And my mom was an artist. I’ve had a love for photography since I was 15 years old. I’ve taken pictures and I’m very proud of them; you’ll notice them all over my Instagram account. I would have loved to have been a photographer, but I could never find the will to behave in that way, to secure jobs and be that individual. But taking pictures since I was 15 years old, literally almost every day of my life, I see the world through images, crafted through my understanding of film, my understanding of the power of images. The amount of experiences I’ve had throughout my life position me, in a strange way, perfectly for this moment, where social media comes along and gives me an outlet for the specific way in which I communicate, which is through images and the sharing of information that’s intellectually interesting to me. Social media is a perfect way for me to publicly diarize my life, and share things I couldn’t necessarily—you can’t really go to a magazine and say, “Hey, here’s photographs of my kid, do you want to publish them, aren’t they beautiful?” But they’re very interesting to me, and that journey’s interesting to me, and I take great care documenting them. Images are so central to the way that I think and behave.
How much sleep do you get? I saw one of your long Facebook posts at 3:45 AM.
I was in Australia, in the Blue Mountains. But the strange thing is, I’ll have an idea that will percolate in my head and I’ll suddenly just want to get it out and I’ll sit down—that was a 3,000-word post—and I’ll write that in 10 to 15 minutes, one sitting. Once I’m in the zone and I’ve thought about things, it just sort of flows out. A lot of these conversations, I miss certain things, clarify certain things—I like the dialogue that ensues because it enables me to think through the ideas. Sometimes people disagree with it or attack it, and I answer them in a way that answers a lot of the holes in my original argument, or even think through things that I haven’t thought through properly, which sometimes helps change my opinion of things. I’ve met a handful of people through social media, who I’ve never met in person, who have been an absolute enlightenment to me, in my thought processes and in witnessing their clarity of thought. One is a guy named Robert Keil.
I liked what he said about the combination of your eye and your understanding of economics making you a force to be reckoned with.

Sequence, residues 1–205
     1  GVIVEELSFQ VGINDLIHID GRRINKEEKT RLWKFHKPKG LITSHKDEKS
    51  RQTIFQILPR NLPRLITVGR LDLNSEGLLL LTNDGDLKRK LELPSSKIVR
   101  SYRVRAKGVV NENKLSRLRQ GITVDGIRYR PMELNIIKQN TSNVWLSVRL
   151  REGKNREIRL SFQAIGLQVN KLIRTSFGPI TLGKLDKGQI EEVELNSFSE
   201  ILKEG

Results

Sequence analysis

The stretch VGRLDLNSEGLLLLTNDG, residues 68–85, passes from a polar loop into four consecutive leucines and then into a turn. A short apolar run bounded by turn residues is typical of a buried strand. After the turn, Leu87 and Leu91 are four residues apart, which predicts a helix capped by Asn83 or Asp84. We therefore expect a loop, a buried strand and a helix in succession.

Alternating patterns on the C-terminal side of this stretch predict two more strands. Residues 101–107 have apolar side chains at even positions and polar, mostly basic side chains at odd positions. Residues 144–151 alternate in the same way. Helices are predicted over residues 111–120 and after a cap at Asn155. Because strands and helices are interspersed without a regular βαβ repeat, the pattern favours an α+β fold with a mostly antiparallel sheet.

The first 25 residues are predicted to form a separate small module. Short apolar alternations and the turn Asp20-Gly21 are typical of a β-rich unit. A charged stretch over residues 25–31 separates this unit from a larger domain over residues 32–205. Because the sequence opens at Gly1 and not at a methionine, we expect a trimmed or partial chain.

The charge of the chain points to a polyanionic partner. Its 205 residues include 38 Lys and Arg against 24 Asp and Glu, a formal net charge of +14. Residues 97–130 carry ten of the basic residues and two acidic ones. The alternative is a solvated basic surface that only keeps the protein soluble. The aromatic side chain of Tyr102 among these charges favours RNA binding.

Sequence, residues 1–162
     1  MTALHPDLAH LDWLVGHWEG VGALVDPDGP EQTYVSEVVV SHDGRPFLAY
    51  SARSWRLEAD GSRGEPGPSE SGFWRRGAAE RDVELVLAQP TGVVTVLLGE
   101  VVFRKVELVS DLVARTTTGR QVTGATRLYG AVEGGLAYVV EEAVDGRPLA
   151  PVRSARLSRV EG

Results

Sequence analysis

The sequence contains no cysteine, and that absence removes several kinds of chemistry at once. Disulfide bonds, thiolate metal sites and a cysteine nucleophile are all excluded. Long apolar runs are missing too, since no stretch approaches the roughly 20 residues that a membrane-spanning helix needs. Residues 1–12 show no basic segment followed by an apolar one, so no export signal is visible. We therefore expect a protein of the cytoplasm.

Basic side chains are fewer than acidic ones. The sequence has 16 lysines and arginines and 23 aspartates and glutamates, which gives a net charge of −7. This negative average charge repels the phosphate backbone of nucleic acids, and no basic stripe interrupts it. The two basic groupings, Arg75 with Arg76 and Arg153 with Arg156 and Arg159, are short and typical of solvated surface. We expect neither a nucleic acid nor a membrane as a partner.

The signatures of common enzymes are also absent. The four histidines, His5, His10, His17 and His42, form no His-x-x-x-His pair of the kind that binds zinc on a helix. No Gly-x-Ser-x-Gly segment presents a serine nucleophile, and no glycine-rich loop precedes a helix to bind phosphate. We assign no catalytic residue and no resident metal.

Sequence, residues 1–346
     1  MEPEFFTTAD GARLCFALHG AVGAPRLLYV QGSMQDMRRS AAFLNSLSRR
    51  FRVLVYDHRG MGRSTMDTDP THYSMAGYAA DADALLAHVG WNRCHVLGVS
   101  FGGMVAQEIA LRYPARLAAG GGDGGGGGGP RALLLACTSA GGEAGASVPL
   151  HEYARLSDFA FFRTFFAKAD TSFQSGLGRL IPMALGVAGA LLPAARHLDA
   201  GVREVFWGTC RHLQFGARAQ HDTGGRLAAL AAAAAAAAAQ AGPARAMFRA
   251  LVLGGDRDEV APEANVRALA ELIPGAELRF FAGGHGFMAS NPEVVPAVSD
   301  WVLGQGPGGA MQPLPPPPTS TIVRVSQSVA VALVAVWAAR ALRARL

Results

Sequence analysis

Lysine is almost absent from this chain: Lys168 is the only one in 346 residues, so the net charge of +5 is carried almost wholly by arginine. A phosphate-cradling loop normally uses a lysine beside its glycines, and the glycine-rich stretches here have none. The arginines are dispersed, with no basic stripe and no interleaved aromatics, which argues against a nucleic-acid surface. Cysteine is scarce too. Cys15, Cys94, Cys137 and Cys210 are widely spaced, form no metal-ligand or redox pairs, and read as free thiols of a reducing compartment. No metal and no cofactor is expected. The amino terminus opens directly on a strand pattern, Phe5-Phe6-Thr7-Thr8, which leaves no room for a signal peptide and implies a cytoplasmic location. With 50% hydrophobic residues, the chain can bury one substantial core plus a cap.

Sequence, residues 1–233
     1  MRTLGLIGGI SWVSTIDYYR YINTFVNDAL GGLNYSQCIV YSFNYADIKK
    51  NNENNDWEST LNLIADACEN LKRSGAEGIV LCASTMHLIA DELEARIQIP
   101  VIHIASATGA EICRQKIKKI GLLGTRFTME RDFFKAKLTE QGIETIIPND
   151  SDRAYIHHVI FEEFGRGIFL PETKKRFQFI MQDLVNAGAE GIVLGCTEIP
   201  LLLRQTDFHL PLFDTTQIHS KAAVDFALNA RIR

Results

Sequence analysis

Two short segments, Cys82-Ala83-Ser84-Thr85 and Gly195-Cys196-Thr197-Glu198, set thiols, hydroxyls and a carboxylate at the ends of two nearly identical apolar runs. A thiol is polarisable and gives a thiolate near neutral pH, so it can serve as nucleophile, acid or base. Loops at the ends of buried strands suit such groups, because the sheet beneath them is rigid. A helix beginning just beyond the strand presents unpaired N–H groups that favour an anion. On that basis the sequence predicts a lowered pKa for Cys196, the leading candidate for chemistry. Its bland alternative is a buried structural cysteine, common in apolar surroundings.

Some people have what I call “clarity of vision.” They’re able to distinguish the leaves from the bush, and the bush from the forest of trees. They have clarity, unencumbered by the weight of their own baggage. I enjoy it when these people come into my life, and do so through such a random, open environment as Facebook.
How do you feel about democracy?
I’m a great believer in democracy. I believe in diversity. I believe in the power of different voices coming together; I believe in the conflict that those voices bring against each other, creating balance and imbalance in the system. I think conflict is part and parcel of the condition of human evolution, so I’m a huge believer in democracy and its constant state of flux. That’s a strange question to ask me.
A democratic approach to the art market plus social media—I think you’re saying it equals evolution.
The art business has always been democratized to a degree, and it just becomes a more interesting democracy as the participants become more diverse and there become more participants. I don’t think it was an undemocratic environment before, I just think it was an environment that had fewer players and hence less diversity and so less of an appearance of being democratic by its lack of diversity and its sheer reduced volume. Now there are so many voices that come to it in such great volume that, compared to what it was in the ’50s and ’60s, it’s far more democratic. And the entry point for people to engage in art or have a conversation is completely different to what it’s been. These things have been facilitated by the ability to communicate easily—mobile telephones and social media—and I like it.
Didn’t that become a sort of illness, especially in New York, where the aperture kept getting smaller and smaller as artists were just focusing on producing for the rich?
And no one cares, so you just have these institutional paradigms. It’s a complex issue because the art world tends to frame things through a very specific moral and ethical lens, tailor-made to suit the structure that the art world has built, specifically in the postwar period. And it’s now really getting challenged at every corner by a much more mobile, flexible system of operating.
What is Simco’s Club, and how is it a new model?